Event Recap: Fashioning Circuits Meets the Brownies

Three girls with backs to camera, around a laptop
Figure: Getting serious with art & code

On March 31, 2015 we had our first community event of the year and our first ever workshop with Brownies, i.e. Girl Scouts who are in the 2nd and 3rd grade.

Twenty Brownies joined us on campus at UT Dallas for programming that was focused on giving the girls a glimpse of the role of women in computing and on playing with code. We knew that for this age, we should try to move as much as possible away from abstract concepts, so we developed some new activities that we hoped would connect and excite the girls.

Drawing of a man with necktie and mustache, to which the student added a crown and ponytail after learning about Ada Lovelace.
One of the activities was to draw a picture of the first programmer. There were a lot of mustaches, but this was our favorite! We suspect some revision happened after we talked about Ada Lovelace.

Activities included drawing pictures of the first programmer, learning about Ada Lovelace, and a rousing game of “spot the programmer” where the students were shown slides with two images and they had to pick the one they thought was a programmer. We finished up by showing some interesting projects that bring together art and programming and then did some very basic activities with the Lilypad Arduino and the blink sketch.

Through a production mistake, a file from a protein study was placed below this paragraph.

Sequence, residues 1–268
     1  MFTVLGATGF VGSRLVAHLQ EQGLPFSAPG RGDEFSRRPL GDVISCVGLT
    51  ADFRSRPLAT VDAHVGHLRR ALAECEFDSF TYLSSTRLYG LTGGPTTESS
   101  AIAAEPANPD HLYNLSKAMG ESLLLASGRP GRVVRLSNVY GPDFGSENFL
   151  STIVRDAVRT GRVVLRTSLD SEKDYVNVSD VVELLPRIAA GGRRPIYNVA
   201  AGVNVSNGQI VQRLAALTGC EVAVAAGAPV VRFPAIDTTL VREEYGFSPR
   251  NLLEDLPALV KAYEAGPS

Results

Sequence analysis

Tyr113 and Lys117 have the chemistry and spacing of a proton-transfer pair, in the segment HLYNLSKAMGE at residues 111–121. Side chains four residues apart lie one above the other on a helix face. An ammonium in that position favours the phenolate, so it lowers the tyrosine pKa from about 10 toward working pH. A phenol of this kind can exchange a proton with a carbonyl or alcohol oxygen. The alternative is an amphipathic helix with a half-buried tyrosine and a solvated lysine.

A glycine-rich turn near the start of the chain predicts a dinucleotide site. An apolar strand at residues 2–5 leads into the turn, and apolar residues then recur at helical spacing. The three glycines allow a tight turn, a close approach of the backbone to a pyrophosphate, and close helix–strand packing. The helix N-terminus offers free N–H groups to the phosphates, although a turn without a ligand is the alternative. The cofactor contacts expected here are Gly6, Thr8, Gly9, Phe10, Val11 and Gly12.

Highlights from the one hour event included:

  • General amazement that there are elevators in college.
  • The student that informed us that hackers are BAD. Clearly she is getting some early web safety training somewhere. This was a great opportunity to break down what “to hack” means and how it can sometimes be used for good (as in our example of Ying Cracker, the Chinese hacker who helps people protect their data).
  • 30-second dance party as we discussed Shakira’s participation in Hour of Code.
  • The student who used the foil wrapper from the candy we handed out as conductive material in her circuit. Very clever!

At the end of the evening, the students took home UT Dallas folders that included handouts to help parents understand what we worked on and further resources in case the girls wanted to build on our very basic introduction.

Included here are the slides we used in keynote (35MB) and .pdf (25MB) form. They are licensed under a Creative Commons BY-NC-SA license.

Thanks so much to our fantastic Fashioning Circuits volunteers: Lauren, Laura, Lisa, and Patti! Thanks also to the UTD A&H Grad Student Association who provided us with folders left over from their conference!







Leave a Reply

This site uses Akismet to reduce spam. Learn how your comment data is processed.